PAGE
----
Mr. Speaker, I am very proud to address this Bloc Quebecois motion. I am not only proud because the Bloc Quebecois presented this motion, but because this extraordinary march of women in 2000 has its roots in a similar initiative by the Fédération des femmes du Québec in 1995, a march that all Quebecers remember and which was called the Bread and Roses March.
This women's movement is something extraordinary for all Quebecers and Canadians, for all those interested in organizing a movement to counterbalance the constant and rampant phenomenon whereby the rich are getting richer—it is true of countries and it is also true of the people living in these countries—and the poor are getting poorer, which is also a reality for countries as well as for the people living in them.
In a way it is just a start, but a very promising one, which was strongly felt in my riding, and perhaps also in yours, Mr. Speaker. In the riding of Mercier, women's groups, and two women's centres in particular, namely the Centre des femmes in Pointe-aux-Trembles and Info-Femmes in Tétreauville, mobilized and prepared this great march of women, first in my riding and then here in Ottawa. A number of these women are currently in New York city to take part in the great international march. I am very proud of all the work that has been done.
However that is not the end of it. One only had to hear the replies provided today by the government to realize that the fight is far from being over. This mobilization—that is what this is—will ensure that issues as serious and as important as poverty among women and children and violence against women will no longer remain secret. The women who are the victims of such situations will no longer be isolated and basically led to believe that they are responsible for what is happening to them.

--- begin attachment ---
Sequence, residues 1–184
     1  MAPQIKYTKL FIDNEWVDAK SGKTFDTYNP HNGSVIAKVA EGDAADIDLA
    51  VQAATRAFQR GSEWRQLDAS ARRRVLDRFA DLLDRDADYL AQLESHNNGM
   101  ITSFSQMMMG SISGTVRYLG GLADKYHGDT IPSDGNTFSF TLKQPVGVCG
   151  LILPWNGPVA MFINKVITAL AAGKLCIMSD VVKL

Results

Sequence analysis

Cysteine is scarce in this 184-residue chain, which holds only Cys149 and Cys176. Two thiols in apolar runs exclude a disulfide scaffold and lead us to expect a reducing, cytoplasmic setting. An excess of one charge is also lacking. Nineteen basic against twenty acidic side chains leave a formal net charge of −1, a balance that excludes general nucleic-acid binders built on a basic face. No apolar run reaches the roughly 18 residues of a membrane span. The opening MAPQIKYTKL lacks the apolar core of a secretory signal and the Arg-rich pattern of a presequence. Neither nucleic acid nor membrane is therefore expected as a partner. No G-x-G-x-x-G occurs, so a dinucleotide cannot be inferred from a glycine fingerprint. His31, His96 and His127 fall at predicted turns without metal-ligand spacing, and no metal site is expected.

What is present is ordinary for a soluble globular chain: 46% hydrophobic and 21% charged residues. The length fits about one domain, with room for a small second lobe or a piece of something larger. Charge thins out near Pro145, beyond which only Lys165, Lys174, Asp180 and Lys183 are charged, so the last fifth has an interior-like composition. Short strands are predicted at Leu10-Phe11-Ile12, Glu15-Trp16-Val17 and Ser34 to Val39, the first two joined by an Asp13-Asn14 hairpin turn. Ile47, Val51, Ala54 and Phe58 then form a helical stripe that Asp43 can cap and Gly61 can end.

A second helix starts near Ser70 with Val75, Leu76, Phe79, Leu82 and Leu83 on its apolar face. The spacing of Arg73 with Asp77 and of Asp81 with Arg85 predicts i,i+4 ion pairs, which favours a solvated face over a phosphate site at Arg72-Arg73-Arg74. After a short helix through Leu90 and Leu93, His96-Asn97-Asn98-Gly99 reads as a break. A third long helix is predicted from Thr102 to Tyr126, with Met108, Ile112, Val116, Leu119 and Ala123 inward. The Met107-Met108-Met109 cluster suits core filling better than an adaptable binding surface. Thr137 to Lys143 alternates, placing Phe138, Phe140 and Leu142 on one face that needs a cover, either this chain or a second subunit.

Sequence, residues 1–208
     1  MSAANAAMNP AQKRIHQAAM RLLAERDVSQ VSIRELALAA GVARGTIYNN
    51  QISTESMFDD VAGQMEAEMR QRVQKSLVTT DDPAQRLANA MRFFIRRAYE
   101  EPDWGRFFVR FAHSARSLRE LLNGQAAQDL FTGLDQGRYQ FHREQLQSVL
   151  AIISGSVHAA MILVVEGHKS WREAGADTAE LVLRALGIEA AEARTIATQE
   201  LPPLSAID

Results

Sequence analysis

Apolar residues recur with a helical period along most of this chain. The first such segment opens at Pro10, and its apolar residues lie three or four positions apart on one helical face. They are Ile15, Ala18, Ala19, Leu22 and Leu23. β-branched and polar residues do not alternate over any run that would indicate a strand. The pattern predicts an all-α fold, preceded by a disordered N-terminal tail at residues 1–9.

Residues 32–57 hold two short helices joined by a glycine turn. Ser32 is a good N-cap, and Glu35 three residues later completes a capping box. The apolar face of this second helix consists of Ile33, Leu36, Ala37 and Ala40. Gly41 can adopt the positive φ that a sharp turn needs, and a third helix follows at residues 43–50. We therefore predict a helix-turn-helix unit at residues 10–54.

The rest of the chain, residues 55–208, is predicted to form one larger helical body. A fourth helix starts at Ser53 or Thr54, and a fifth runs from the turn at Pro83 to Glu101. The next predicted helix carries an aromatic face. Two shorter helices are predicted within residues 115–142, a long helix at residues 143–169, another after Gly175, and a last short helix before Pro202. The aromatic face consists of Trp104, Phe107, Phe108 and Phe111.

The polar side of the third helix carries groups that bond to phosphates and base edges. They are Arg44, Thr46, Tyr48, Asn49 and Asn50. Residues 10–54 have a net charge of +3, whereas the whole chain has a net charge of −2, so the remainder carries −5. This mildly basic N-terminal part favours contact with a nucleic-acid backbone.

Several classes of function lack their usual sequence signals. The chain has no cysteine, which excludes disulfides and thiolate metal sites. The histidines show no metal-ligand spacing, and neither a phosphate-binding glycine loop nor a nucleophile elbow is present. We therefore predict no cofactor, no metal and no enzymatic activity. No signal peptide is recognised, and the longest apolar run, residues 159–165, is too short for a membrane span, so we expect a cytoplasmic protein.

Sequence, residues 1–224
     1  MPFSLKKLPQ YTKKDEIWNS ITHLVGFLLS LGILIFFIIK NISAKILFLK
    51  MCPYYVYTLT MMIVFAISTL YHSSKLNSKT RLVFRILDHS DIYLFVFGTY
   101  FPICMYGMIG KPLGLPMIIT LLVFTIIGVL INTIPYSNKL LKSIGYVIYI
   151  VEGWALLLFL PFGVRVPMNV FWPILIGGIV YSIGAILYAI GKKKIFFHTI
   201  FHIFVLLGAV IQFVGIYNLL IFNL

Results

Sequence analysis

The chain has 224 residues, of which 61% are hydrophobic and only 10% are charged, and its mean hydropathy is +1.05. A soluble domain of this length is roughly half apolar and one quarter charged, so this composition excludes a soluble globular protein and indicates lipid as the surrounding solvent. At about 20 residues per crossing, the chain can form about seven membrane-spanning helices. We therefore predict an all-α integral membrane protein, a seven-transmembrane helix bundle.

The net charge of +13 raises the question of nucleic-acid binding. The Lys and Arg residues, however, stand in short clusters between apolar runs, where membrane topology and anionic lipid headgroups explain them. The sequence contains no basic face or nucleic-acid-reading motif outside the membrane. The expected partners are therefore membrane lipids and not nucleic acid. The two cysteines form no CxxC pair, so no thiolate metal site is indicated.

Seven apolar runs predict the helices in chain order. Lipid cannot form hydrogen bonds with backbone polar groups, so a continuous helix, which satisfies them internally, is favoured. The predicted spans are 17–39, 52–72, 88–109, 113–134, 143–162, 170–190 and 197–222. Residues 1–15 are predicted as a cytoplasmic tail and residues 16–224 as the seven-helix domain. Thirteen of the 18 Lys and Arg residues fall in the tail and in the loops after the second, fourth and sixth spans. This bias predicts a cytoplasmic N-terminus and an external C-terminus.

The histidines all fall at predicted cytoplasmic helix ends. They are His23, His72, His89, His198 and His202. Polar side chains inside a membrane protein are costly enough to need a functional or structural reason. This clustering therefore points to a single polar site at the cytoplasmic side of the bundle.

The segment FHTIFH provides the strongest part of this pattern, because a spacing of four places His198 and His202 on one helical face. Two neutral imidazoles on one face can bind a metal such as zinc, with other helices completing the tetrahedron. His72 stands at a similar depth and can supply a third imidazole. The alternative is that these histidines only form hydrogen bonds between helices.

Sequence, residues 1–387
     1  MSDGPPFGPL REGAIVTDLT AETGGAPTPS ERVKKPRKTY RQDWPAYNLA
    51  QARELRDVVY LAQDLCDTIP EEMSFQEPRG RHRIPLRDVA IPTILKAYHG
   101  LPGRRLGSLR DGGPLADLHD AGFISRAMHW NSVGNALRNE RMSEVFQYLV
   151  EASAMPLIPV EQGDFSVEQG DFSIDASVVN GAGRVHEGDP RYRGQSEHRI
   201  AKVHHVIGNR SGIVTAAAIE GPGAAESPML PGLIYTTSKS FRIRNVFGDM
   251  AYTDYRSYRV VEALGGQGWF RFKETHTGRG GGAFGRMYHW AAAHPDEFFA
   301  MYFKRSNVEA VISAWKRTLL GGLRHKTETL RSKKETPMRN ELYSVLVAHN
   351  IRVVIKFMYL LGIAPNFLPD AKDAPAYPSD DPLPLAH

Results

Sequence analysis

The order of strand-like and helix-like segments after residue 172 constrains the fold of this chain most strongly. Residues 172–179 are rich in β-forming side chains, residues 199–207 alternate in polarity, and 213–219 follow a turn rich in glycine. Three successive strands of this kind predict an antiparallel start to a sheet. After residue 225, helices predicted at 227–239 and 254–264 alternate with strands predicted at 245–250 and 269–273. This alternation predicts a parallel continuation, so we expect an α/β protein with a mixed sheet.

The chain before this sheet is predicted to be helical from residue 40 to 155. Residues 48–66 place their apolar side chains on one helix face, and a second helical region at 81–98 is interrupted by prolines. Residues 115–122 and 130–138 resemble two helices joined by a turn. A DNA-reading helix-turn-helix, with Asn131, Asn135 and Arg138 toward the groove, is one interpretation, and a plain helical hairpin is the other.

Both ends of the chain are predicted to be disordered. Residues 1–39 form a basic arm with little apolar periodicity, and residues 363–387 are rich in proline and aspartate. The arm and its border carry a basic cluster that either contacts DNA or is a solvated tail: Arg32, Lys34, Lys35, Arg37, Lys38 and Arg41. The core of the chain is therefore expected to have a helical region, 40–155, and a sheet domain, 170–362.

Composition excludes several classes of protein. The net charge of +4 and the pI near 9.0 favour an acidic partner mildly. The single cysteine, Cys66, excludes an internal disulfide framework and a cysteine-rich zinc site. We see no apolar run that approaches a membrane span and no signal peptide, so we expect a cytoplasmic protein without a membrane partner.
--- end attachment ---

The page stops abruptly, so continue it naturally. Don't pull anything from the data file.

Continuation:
Even if the time available is extremely short, I would like to speak today to the international outlook of this march of women, which began in Quebec, became Canadian and is now an international event.
What are Canadian women calling for? They are calling for an international outlook. They are calling on Canada to get ready to meet the international aid objective of 0.7% of GDP, which could be called the nation's wealth. It makes sense to link international aid to wealth.
They also called on the government to reduce the debt of the 57 poorest nations. They are so right, because these debts are eating up what little revenue these small countries have leaving nothing for health and education.
The government's reaction to this should not be that everything it is doing is just fine. I would remind the House that it was in 1990 during a full recession that Canada made its commitment to the UN to meet an objective of 0.7% of GDP. At the time, Canada was contributing 0.48% of its GDP to international aid. It was already close to 0.7%.
Since then, its contribution has continued to slide. So much for the so-called “best country in the world”. Right now, international aid stands at 0.25%, compared to the 0.48% it was at the time the commitment was made. How many years have we been enjoying this period of prosperity of which the government is so proud? Six years, seven years?